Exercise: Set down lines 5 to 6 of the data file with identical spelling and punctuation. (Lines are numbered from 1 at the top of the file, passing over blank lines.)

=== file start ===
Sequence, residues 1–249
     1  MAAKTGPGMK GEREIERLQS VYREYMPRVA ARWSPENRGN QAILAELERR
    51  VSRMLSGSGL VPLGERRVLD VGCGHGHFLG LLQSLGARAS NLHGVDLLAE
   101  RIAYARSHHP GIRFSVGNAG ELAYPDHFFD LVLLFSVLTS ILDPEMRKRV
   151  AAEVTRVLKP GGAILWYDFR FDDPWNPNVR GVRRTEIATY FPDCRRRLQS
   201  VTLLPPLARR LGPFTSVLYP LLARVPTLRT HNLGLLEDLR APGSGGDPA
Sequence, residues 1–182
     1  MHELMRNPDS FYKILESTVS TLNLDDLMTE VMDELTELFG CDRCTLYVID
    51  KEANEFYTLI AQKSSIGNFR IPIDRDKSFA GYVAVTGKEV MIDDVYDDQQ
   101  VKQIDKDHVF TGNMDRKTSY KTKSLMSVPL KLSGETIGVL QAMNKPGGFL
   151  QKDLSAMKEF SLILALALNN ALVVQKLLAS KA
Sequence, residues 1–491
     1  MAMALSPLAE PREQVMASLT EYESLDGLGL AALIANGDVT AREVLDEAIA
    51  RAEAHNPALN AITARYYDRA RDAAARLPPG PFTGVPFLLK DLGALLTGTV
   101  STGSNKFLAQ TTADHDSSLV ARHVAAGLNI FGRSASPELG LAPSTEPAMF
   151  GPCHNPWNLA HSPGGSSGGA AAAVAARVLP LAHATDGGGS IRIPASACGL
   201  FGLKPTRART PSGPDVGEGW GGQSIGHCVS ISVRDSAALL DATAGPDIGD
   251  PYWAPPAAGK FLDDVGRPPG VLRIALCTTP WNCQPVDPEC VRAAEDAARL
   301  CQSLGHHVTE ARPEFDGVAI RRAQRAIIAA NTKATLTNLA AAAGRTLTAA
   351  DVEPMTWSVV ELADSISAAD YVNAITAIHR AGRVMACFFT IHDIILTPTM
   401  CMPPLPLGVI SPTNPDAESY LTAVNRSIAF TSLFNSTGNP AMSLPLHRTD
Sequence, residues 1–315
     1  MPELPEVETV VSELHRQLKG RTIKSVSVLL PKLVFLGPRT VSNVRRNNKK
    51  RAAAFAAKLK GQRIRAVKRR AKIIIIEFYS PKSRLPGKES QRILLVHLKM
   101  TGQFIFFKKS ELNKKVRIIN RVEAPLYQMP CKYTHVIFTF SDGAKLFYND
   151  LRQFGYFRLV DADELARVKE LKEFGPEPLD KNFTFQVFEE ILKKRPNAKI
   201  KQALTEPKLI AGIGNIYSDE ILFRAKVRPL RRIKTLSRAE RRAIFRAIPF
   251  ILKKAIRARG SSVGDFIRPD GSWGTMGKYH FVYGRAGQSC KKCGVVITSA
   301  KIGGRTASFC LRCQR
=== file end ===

   151  AAEVTRVLKP GGAILWYDFR FDDPWNPNVR GVRRTEIATY FPDCRRRLQS
   201  VTLLPPLARR LGPFTSVLYP LLARVPTLRT HNLGLLEDLR APGSGGDPA